Scott McIntyre/Bloomberg, STOCK

(WASHINGTON) — Preliminary Super Tuesday exit poll results show weaknesses for Joe Biden and Donald Trump alike among independent voters while also raising questions about the extent to which supporters of Nikki Haley would turn out for Trump in November if he beats her for the Republican presidential nomination.

In sum, the findings in California, North Carolina and Virginia — the three states with exit polls on Tuesday — mark challenges facing both President Biden and former President Trump in an expected November faceoff.

Notably, 78% of Haley voters in the North Carolina Republican presidential primary, 69% in California and 68% in Virginia are unwilling to say they’ll support the party’s nominee whoever it is, mirroring Haley’s recent hedge on the issue. Just 21, 26 and 27%, respectively, take the pledge.

Moreover, as in previous primaries, large majorities of Haley voters say Trump would be unfit for office if convicted of a crime, say they’d be dissatisfied with him as the nominee and reject his claim that Biden didn’t legitimately win in 2020, a tenet of Trump’s campaign. (Trump faces 91 charges and denies all wrongdoing.)

In other signs of distance from Trump supporters, most Haley voters oppose a federal abortion ban and support a chance for most unauthorized immigrants to apply for legal status. In questions asked only in California, Haley voters overwhelmingly are dissatisfied with the 2022 Supreme Court ruling eliminating the constitutional right to an abortion and 54% disapprove of Trump’s performance as president.

In a potential boost to Biden, 48% of Haley voters in North Carolina and Virginia alike approve of his work as president; this drops to 30% in California. The question, then, is both whether some Haley voters may shift to Biden in November as well as how many will turn out for Trump if, as expected, he wins his party’s nomination.

California Senate primary

Another window on the November election is available via California’s open primary for the U.S. Senate, a so-called jungle primary in which both Democrats and Republicans run and the two top finishers on Tuesday, regardless of party, advance to the November general election.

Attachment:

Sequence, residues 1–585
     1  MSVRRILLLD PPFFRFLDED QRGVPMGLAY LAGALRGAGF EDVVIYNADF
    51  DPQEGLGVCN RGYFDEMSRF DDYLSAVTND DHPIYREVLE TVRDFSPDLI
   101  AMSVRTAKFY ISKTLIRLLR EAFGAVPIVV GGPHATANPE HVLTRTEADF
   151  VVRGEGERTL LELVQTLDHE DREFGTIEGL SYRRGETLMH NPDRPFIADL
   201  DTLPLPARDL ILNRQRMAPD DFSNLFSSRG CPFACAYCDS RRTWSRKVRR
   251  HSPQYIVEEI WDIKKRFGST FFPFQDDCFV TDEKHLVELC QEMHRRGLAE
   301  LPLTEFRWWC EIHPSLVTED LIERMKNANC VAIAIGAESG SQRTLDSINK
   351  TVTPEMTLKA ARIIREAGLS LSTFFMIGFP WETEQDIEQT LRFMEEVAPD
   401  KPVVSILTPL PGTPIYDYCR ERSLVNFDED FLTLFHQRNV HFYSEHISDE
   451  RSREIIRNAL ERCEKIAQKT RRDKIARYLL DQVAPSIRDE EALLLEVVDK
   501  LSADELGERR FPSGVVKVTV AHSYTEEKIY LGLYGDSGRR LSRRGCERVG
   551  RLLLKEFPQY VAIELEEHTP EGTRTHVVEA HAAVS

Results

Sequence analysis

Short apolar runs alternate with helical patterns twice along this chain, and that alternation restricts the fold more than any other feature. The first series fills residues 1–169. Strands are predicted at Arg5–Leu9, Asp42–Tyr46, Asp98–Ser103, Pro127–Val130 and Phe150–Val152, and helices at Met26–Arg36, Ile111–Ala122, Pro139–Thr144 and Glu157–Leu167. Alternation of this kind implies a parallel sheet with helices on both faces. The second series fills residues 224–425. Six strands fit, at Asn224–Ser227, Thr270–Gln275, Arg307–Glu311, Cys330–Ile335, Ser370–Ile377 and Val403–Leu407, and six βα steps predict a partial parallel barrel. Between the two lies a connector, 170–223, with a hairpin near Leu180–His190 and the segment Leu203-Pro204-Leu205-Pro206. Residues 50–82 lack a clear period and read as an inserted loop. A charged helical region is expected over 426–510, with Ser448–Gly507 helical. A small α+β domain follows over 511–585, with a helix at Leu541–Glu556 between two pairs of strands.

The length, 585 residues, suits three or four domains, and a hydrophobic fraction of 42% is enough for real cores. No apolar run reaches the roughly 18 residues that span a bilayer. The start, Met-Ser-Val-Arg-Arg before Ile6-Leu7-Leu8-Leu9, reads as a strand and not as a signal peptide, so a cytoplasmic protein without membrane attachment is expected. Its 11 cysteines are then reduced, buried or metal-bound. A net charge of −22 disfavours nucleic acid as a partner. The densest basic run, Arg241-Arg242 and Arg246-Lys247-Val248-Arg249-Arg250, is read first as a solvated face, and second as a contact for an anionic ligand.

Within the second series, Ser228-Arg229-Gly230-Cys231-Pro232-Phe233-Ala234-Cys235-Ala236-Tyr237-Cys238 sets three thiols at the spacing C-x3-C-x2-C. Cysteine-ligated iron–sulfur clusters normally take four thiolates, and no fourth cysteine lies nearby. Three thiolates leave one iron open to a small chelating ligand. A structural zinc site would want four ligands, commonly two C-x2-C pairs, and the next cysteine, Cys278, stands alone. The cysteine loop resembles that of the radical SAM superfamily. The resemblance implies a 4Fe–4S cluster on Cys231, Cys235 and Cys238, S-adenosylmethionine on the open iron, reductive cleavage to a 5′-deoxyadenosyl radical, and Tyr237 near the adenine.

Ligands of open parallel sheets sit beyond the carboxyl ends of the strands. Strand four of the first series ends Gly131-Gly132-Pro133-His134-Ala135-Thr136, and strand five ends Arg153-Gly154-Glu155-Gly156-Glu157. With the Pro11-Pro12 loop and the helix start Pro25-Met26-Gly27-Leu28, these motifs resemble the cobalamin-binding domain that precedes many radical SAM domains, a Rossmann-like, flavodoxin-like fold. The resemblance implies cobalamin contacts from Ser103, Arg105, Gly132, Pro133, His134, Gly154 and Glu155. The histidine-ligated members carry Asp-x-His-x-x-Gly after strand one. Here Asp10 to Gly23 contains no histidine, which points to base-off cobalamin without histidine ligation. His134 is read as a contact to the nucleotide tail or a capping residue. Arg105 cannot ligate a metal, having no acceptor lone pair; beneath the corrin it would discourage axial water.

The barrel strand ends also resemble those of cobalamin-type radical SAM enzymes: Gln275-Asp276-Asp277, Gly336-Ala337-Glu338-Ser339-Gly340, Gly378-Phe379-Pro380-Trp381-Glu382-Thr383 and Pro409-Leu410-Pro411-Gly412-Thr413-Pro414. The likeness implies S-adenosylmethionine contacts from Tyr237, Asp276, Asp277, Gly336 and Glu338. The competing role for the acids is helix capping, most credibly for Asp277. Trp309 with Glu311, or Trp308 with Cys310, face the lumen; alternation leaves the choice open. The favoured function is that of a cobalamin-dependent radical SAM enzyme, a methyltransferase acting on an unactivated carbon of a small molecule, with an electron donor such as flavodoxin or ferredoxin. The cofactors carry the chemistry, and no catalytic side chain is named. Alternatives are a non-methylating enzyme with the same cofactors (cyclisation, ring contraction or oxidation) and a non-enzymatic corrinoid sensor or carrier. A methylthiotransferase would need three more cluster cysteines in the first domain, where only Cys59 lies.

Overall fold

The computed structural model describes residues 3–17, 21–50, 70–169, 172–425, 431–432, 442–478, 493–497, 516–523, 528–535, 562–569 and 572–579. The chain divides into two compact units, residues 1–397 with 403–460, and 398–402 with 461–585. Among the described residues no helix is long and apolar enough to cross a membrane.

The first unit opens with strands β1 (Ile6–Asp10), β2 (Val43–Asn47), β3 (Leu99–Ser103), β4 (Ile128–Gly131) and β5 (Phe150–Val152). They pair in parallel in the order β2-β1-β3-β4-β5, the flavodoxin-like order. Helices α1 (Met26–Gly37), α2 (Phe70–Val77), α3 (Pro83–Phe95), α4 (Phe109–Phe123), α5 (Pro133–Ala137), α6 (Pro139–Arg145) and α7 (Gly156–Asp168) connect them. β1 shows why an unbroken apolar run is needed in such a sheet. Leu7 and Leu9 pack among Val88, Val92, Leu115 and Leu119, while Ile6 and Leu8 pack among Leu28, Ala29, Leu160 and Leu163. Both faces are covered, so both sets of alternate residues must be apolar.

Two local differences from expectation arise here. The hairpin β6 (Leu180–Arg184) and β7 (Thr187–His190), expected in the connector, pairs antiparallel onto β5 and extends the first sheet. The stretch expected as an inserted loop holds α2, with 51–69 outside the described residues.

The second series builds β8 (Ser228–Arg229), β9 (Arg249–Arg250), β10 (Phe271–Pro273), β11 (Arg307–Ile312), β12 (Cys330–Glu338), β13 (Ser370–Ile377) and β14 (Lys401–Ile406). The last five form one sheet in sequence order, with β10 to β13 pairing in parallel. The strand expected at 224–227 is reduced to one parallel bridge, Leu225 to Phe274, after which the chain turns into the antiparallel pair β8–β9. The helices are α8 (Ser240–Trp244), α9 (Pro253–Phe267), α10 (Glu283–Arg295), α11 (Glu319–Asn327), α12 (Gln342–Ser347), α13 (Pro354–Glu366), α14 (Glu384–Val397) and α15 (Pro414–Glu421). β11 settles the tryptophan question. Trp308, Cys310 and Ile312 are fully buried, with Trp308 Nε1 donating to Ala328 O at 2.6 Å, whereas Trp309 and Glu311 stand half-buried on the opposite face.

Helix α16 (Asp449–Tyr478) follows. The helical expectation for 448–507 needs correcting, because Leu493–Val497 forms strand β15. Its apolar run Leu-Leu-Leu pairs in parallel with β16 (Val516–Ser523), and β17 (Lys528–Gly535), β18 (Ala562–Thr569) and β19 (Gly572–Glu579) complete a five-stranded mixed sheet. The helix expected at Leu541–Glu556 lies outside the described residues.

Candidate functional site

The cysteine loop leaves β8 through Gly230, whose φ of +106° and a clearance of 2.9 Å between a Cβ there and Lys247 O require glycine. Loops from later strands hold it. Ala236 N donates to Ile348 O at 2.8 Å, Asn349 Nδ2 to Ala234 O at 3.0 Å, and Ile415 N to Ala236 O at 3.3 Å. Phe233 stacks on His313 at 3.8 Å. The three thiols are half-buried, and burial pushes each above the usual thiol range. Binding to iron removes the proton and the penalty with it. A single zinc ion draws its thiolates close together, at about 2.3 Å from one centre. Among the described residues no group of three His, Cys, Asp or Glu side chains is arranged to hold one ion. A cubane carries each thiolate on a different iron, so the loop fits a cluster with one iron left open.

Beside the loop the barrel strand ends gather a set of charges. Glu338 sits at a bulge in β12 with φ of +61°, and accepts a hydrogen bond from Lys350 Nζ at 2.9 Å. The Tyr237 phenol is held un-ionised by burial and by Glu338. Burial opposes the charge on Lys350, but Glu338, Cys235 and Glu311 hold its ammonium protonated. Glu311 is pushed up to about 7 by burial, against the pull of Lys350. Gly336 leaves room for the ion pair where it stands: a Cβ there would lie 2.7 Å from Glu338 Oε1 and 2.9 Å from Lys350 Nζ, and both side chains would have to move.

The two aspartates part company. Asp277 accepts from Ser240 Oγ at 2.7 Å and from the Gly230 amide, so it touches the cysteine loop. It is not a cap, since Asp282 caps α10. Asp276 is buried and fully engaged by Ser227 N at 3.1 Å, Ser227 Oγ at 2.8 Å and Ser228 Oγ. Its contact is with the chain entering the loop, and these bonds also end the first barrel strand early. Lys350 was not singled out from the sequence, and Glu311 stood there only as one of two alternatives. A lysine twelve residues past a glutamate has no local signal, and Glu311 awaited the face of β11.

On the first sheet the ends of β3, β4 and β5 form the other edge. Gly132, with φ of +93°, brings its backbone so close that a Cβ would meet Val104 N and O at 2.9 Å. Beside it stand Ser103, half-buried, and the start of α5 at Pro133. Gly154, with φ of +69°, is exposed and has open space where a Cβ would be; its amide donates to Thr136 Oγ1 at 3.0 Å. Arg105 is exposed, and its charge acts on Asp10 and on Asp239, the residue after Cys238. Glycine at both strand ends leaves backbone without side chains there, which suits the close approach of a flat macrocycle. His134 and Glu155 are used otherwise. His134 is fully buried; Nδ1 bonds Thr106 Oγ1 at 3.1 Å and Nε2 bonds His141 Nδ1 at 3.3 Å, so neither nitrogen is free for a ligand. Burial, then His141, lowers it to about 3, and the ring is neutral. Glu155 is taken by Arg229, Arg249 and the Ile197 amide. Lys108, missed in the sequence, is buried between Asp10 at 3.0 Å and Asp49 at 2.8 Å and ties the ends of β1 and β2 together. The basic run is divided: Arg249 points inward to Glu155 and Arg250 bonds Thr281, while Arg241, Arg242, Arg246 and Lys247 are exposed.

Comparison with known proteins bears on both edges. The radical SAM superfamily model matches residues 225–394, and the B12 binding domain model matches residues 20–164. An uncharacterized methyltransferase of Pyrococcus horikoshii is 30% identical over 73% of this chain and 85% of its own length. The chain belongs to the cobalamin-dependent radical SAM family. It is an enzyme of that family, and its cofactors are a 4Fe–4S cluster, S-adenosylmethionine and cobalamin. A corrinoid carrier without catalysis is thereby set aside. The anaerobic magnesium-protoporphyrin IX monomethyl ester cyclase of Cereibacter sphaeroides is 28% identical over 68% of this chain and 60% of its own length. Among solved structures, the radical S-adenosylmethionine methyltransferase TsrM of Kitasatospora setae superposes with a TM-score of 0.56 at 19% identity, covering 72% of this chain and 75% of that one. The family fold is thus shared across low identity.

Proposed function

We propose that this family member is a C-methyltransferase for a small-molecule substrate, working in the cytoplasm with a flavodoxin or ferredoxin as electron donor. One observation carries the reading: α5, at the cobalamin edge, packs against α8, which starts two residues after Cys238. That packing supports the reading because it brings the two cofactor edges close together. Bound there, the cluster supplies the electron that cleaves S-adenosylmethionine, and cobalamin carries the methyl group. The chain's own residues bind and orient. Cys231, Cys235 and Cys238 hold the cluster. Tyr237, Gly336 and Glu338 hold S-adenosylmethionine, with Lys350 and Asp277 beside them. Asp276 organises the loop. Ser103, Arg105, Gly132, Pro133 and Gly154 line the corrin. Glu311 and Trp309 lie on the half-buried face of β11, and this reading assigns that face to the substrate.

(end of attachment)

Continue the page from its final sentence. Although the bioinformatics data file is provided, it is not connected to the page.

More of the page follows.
Helpfully for Biden, among California Democrats who voted in the Senate primary, 83% in the preliminary poll results approve of how he is handling his job as president. But among independents — often swing voters in national elections — just 35% approve of Biden’s job performance while 65% disapprove. (Among Republicans, disapproval of Biden reaches a near-unanimous 92.)

Trump matches Biden in his base — 83 percent of Republicans in the Senate open primary approve of how Trump handled the job when he was president.

Among independents, however, fewer approve, 43%, while 56% disapprove. (Among Democrats, 97 percent disapprove.)

In the open primary for the seat left vacant by the late Sen. Dianne Feinstein, Democrats account for 43% of voters in these preliminary results; 37% are independents and 20% are Republicans.

The race pits three prominent Democratic lawmakers — Barbara Lee, Katie Porter and Adam Schiff — against a Republican, Steve Garvey, with a question whether the Democrats split the vote in a way that opens the door to Garvey in a runoff between the top two finishers.

On another front, 60% of independents voting in the California Senate primary say they would not see Trump as fit to be president if he were convicted of a crime. And in Trump’s own party, 28% of Republicans say the same.

Beyond his approval rating, challenges for Biden are reflected in economic attitudes among California Senate primary voters. Fifty-five percent overall say the economy is in not so good or poor shape — including 66% of independents. And just 14% overall, including 11% of independents, say their family is getting ahead financially.